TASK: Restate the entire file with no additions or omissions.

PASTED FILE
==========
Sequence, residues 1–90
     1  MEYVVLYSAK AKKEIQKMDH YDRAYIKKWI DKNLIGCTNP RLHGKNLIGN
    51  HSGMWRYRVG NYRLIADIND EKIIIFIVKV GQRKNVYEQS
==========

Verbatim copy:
Sequence, residues 1–90
     1  MEYVVLYSAK AKKEIQKMDH YDRAYIKKWI DKNLIGCTNP RLHGKNLIGN
    51  HSGMWRYRVG NYRLIADIND EKIIIFIVKV GQRKNVYEQS